Senate minority leader Chuck Schumer (D-NY) became the latest member of Congress to put forth specific suggestions for a federal framework for sports betting Wednesday in a memo first provided to ESPN.
Schumer's suggestions include the idea that all sports books only use official league data to determine outcomes and that the leagues themselves should be involved in determining what bets would be accepted.
Schumer also suggested leagues would have to reasonably step up monitoring, but did not mention so-called "integrity fees," the idea that leagues should be paid a portion of bets on their sport to be paid back for ratcheting up security associated with sports gambling out in the open.
Schumer also puts forth more obvious suggestions such as making it illegal for anyone under 21 to place a sports bet in any state, requiring entities taking bets to responsibly advertise away from youth and to properly disclose dangers of betting, as well as to reporting suspicious activity and share information among sports books, the leagues and state regulators that could help uncover anything that compromises the integrity of games.
Suggesting that legal books would have to use official data could be a huge revenue stream for leagues, but some could also be strongly opposed, reasoning that requiring official data would give the leagues a monopoly and not integral to the sanctity of a bet.
"As a New York sports fan - especially my Yankees and Giants - and a senator, my priority in the wake of the Murphy v. NCAA decision is making sure the integrity of the games we love is preserved, that young people and those suffering from gambling addiction are not taken advantage of, and that consumers that choose to engage in sports betting are appropriately protected," Schumer said in a statement. "With the Supreme Court's ruling, it's incumbent on the federal government to take a leadership role and provide the necessary guidance to prevent uncertainty and confusion for the leagues, state governments, consumers and fans alike."
Three states -- Delaware, New Jersey and Mississippi -- have taken bets since the Murphy v. NCAA, et al decision, which in May overturned the federal ban on state-sponsored sports betting as a result of the Professional and Amateur Sports Act (PASPA) of 1992. New Jersey, whose fight enabled the overturning of the law, has been the most progressive, as the only new state that has offered a mobile product thus far.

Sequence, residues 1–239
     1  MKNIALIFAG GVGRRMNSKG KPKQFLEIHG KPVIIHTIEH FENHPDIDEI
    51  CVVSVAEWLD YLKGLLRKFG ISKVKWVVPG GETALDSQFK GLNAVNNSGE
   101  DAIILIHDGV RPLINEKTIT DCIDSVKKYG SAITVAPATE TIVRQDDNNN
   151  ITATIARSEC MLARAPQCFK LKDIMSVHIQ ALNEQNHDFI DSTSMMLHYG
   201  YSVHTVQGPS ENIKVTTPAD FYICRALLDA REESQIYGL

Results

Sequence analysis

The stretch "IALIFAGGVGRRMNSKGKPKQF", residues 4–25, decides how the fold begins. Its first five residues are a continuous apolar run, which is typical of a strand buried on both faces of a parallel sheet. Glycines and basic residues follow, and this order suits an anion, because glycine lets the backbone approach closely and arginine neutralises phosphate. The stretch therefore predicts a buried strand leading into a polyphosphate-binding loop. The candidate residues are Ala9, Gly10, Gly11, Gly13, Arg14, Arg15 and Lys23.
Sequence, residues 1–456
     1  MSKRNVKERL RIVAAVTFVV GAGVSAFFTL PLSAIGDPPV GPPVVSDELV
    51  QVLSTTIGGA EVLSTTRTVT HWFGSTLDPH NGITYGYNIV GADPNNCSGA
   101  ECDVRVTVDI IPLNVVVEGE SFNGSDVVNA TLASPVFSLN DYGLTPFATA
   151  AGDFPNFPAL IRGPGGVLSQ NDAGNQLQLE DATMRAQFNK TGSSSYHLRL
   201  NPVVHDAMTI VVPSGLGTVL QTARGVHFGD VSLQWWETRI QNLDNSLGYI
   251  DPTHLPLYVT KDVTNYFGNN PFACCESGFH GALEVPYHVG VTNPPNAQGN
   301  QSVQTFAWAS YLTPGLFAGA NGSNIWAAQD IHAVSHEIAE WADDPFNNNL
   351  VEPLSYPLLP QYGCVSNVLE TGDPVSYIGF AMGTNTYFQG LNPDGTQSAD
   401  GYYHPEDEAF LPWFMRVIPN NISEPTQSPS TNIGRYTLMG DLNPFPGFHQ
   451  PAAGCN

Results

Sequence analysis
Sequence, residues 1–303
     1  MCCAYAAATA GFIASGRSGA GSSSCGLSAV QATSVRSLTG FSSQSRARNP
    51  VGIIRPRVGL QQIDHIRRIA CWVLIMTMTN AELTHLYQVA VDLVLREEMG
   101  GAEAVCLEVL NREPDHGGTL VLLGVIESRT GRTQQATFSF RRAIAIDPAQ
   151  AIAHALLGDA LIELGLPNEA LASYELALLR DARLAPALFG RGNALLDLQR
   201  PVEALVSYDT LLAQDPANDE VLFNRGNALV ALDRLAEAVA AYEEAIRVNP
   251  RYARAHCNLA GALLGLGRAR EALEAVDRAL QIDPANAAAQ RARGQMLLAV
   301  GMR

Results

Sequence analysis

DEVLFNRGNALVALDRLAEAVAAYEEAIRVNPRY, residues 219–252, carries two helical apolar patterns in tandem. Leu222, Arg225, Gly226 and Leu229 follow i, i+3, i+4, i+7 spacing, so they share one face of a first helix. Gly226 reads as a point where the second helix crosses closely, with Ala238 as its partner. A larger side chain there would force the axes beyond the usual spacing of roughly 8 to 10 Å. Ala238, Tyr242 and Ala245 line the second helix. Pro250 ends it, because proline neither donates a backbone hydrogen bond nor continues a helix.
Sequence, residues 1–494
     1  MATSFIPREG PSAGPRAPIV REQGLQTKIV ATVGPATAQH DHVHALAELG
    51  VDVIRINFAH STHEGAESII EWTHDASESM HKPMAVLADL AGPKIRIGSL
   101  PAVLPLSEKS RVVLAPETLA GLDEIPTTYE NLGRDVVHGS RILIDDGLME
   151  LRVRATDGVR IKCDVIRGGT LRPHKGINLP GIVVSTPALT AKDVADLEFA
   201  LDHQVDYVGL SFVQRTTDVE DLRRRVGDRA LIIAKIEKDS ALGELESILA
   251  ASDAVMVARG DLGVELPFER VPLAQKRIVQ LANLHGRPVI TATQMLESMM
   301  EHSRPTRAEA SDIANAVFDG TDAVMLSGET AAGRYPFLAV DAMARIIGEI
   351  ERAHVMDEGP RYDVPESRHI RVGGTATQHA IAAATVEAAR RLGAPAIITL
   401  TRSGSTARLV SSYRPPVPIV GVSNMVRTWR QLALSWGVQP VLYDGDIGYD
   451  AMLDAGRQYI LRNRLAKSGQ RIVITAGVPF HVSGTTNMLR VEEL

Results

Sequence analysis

Schumer's suggestions are what the sports leagues have advocated for -- a national framework so that each state, while they can decide on their own whether they want to take on sports betting, won't be able to make their own rules.
"The stakes are too high -- legal sports betting laws must be crafted and executed in a careful and thoughtful way," Schumer said. "As state legislatures develop new legislation in the weeks and months ahead, I hope they will take these principles under consideration. I also support the efforts in the Congress to debate and develop bipartisan federal legislation that would adhere to these principles. The integrity of sports is too precious to not protect as best we can."
Given the priorities of Congress and with only four full months left to the current session, it is highly unlikely that any type of bill will be pushed through.
Sen. Orrin Hatch (R-Utah) has said he will be introducing sports betting legislation in the coming weeks, and Congressman Frank Pallone (D-New Jersey) introduced sports betting legislation in December.